When Stuart Regen died from non-Hodgkin’s lymphoma in 1998, the Los Angeles Times lamented the passing of a “guiding force”. The gallery continued with Caley Regen steering the ship alone, facing expectations that she would fail without her partner. “Lots of people thought she was going to run the gallery into the ground. Mean things were said. But, in fact, she has made it more successful than it ever was before,” said the artist Liz Larner in a 2004 interview in W Magazine. The gallery expanded in 2003 and again in 2007.

The latest space looms large on a busy intersection in the media district near Hollywood. It has been renovated by the architect Michael Maltzan, best known for the Hammer Museum’s airy 2001 redesign, and is one of the more pristine sights on a block otherwise dominated by pawn shops, pharmacies and takeaway taco restaurants. “This neighbourhood is so LA,” Caley Regen says. “It feels like an area that is just on the verge of becoming. It has been very down in the dumps, but things are changing fast.”

Some in the trade perceive the expansion as a defensive strategy against major New York dealers who have recently set up shop on the West Coast, but Caley Regen says she started the search for a space in 1995. “We always wanted to own a gallery, but it took a long time to find the right one. I’ve probably wound up with more room than I expected or needed, but that’s great. However much space you have, you fill it all.”

Location matters less than it did

in the past because business has become “so much more global” thanks to the rise of art fairs and technological developments, she says. “When we started, we didn’t even have a fax machine or a computer—can you imagine?”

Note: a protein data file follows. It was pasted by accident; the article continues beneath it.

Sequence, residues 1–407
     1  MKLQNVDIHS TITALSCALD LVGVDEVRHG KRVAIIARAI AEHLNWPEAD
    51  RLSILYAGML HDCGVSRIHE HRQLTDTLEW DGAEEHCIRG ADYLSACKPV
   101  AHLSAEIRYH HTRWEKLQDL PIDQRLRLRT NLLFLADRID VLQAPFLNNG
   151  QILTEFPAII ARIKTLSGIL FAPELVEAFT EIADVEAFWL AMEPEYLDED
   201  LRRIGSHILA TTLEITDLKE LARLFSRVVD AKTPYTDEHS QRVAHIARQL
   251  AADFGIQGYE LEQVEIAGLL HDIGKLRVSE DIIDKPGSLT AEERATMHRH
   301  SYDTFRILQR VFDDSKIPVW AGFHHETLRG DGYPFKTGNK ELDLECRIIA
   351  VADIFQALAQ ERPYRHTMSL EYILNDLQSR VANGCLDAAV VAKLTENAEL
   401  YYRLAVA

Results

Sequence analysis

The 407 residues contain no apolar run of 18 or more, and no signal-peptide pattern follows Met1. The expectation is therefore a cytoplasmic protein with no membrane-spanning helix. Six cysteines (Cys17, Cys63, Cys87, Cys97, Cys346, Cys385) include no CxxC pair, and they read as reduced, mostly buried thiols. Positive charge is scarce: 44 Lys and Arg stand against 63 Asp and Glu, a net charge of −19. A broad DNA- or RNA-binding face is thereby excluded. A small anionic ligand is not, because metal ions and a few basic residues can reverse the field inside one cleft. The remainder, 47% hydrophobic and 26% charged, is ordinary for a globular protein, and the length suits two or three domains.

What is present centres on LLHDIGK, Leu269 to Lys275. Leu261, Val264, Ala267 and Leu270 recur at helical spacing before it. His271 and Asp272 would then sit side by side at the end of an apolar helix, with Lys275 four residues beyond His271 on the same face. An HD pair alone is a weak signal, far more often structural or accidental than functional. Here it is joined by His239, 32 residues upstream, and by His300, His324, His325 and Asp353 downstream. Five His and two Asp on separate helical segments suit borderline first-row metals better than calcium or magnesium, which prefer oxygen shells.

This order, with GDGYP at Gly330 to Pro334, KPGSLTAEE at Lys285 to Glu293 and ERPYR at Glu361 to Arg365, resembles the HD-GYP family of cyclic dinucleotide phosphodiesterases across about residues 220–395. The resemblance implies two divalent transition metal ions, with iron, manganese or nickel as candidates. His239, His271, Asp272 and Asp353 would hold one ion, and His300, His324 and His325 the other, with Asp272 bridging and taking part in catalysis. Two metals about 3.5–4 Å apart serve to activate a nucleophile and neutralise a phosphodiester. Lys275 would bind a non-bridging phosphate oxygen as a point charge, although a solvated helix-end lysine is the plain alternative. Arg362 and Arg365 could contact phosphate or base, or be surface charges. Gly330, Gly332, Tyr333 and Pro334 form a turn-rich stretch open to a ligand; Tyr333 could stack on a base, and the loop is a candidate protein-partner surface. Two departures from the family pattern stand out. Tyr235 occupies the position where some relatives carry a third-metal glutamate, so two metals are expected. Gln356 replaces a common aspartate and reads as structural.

All businesses are somewhat reliant on their local constituents, however, and Los Angeles has long suffered from an inferiority complex. Stereotyped as the scrappy sister to New York, the city has struggled to find a cultural centre amid its endemic sprawl, and has a reputation for being a terrific home for artistic talent but a terrible one for dealers trying to sell to serious collectors. “Los Angeles is so tricky. It’s slippery. It’s invisible,” Caley Regen says. “But every time I blink, there is another person buying art that I didn’t know about. There is a lot of expendable income here, and there are tremendous collections, some of which are very private.” She says the scene is always growing, but adds that “half of the people we sold art to 23 years ago have disappeared—I’ve got no idea where they went”.

She is drawn to Los Angeles for its “sense of becoming” and says her five-year plan might include foreign expansions. “I am tempted, but I’m only one person and I’d only do it in places I like. Mexico City is so exciting—there are great artists and galleries there. Paris doesn’t necessarily make any sense, with the big taxes and the complicated labour laws, but it’s a city I enjoy so much. And why not be somewhere you really like to spend time?”

As for the great American novel, Caley Regen burned the book she started in the 1980s. “The best thing about Stuart hiring me is that I realised I didn’t need to be a writer. It was such a relief—writing is so hard.”